I couldn’t tell you much about where the boy came from. It’s not that he came from nowhere, for indeed his place of childhood is a distinct one. But I’m not sure my words could do it any justice. This world was a neighboring realm to The Place, and as such, they were under perpetual attack of slithering shadows and grisly gargoyles. It was a realm whose name is lost on me, and even the natives; it was so old, no one knew what to call it anymore--so old that every time they tried to give it a name, they immediately forgot what word they had chosen. I myself have tried to adopt it a name for practicality, but each time, it slips away, like a dream.
It was a land ruled by beast—though not as you or I would know them. These were strange beasts of strange nature. If any of our realm were to cross over to theirs, they might think they’d found the mythical creatures that made up gods in so many of our cultures. They might say the beasts had magic, as we call it. Just as our beasts are malevolent or benevolent, these beasts were born either dark or light--good or evil, by nature. If one was born dark, they did evil things, using evil magics to terrorize and torture, to slaughter and destroy. If one was born light, they were perpetually kind and had the power to gift and bless others, to grant wishes, and to heal; all for the better of the light kind. This way of existence was the very same with certain beasts of the realm that we would most easily identify as people.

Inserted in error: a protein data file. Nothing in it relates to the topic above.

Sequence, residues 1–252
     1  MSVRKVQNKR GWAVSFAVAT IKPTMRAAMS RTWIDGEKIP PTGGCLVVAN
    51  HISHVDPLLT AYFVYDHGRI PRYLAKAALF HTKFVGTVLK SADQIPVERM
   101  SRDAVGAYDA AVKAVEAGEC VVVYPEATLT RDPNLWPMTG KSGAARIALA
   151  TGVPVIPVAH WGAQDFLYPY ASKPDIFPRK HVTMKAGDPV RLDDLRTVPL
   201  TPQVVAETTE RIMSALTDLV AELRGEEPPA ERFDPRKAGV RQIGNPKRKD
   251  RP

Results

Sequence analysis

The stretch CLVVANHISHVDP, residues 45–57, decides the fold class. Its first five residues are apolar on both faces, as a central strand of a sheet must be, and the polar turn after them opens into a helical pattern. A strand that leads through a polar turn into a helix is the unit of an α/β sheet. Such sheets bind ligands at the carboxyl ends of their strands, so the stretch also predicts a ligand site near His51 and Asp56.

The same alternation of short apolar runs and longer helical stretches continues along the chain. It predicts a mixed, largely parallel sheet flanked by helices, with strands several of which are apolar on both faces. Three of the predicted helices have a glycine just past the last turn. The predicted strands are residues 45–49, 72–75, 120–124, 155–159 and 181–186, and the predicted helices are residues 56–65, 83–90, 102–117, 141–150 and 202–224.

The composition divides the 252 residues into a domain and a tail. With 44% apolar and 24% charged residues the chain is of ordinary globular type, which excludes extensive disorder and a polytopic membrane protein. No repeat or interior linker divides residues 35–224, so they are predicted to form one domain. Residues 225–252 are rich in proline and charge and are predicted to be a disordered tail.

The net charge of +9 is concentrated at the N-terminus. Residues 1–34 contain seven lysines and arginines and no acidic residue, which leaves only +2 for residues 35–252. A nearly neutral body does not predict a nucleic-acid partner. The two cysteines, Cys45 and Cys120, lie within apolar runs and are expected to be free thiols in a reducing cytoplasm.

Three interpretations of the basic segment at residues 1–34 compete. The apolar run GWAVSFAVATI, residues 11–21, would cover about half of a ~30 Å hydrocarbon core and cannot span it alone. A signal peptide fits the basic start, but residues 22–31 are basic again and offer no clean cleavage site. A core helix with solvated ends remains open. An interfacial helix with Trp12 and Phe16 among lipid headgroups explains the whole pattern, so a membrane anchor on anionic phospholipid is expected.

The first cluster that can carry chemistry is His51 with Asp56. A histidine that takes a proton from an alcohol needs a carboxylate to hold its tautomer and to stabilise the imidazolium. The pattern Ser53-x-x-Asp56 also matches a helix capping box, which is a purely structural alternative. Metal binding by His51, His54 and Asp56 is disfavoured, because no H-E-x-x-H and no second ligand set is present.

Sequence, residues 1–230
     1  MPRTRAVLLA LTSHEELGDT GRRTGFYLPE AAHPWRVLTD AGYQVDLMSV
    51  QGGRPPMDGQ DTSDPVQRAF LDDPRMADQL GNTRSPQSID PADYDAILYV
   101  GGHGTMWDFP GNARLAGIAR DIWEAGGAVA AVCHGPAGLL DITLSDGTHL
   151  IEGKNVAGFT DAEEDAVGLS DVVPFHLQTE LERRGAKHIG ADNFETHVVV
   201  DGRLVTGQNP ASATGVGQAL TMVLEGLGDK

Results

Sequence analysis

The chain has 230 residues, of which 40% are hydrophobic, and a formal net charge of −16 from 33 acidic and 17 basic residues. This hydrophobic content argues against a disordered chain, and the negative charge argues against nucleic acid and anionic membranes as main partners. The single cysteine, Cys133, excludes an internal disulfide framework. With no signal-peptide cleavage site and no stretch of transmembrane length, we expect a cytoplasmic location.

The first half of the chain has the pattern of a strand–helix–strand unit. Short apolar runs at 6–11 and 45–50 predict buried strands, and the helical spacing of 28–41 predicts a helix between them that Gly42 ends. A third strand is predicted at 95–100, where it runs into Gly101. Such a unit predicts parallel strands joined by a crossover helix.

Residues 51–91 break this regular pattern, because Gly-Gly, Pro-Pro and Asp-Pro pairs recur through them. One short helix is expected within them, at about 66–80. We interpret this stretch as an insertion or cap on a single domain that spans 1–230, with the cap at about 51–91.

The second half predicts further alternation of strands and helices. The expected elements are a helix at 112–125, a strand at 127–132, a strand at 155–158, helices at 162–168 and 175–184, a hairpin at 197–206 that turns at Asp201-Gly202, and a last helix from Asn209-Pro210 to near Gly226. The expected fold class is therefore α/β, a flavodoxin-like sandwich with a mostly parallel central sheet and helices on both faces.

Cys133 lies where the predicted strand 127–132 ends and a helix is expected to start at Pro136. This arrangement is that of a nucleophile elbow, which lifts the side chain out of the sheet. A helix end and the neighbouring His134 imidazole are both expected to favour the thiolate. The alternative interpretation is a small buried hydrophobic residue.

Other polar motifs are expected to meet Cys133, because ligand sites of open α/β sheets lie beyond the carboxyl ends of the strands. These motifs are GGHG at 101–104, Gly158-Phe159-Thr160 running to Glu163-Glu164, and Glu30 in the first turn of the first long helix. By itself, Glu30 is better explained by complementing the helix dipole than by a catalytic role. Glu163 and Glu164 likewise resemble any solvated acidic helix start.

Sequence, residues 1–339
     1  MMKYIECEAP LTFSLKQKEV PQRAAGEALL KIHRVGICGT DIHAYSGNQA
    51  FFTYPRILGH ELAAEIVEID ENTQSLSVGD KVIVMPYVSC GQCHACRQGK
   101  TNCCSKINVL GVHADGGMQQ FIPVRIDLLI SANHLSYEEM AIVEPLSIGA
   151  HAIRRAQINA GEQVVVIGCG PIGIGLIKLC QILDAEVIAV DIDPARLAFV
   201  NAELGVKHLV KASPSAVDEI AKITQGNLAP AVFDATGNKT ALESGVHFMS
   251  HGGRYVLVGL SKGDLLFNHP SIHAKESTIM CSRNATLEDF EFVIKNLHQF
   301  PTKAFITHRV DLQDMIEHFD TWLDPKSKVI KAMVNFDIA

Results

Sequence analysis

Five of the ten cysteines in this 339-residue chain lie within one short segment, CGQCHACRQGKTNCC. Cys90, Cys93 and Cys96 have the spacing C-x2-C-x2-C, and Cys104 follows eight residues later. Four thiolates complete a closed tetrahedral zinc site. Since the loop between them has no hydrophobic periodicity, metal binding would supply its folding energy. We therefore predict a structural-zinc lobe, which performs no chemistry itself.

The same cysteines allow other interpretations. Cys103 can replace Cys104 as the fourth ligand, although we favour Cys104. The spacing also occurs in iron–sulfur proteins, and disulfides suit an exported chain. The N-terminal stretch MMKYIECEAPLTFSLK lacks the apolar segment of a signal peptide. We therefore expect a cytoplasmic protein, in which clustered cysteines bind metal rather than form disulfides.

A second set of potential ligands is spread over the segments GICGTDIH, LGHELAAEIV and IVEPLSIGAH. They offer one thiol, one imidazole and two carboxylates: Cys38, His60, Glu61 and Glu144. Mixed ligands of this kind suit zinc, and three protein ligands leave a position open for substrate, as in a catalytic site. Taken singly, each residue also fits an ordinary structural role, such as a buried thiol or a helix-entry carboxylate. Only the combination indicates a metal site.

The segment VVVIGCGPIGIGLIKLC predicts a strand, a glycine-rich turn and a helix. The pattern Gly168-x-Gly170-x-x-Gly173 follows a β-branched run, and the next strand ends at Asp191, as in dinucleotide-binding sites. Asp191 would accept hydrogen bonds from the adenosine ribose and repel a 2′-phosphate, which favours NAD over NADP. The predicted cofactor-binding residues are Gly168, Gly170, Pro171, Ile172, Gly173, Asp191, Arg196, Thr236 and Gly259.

As with the beasts, when you were born, you were born light, or you were born dark. If you were born dark, you lived with the dark ones. If you were born light, you lived with the light ones. You did not copulate with one if you were the other. You did not talk to one if you were the other. The two peoples looked much alike, as I might look like you. The only thing that separated them was the color of their eyes. The ones born light glowed with blue irises, as deep as the ocean. The dark were like green fire—but their pupil was an olive to their iris, so dilated for the deprivation of light in its soul. For this reason it often appeared that they had black eyes—which is why the people came to know themselves as dark—or darklings. But though each people bred within their own kind, it did not dictate which side their child would be born. Indeed, a Light woman might give birth to a darkling, and a darkling woman might be pregnant with twins—identical, save for the nature of their soul. Neither race permitted an imposter among their kind, and so the Light Ones gave their dark children to the darklings, and any Light children the darklings had were killed upon birth. (This imbalance of practice made the darklings much larger in numbers than the Light—and thus they dominated them) This was the way of the strange, magic realm. But one boy disturbed this nature, and tested everything they knew. For, when he was passed from the womb of his Light mother, taken into the cotton cloth in the midwife’s arms, and the slippery mucus was wiped from his face, he opened his eyes—and it was the first and worst mistake he would ever make. For this boy was born with one eye sapphire blue, and one dreadfully black.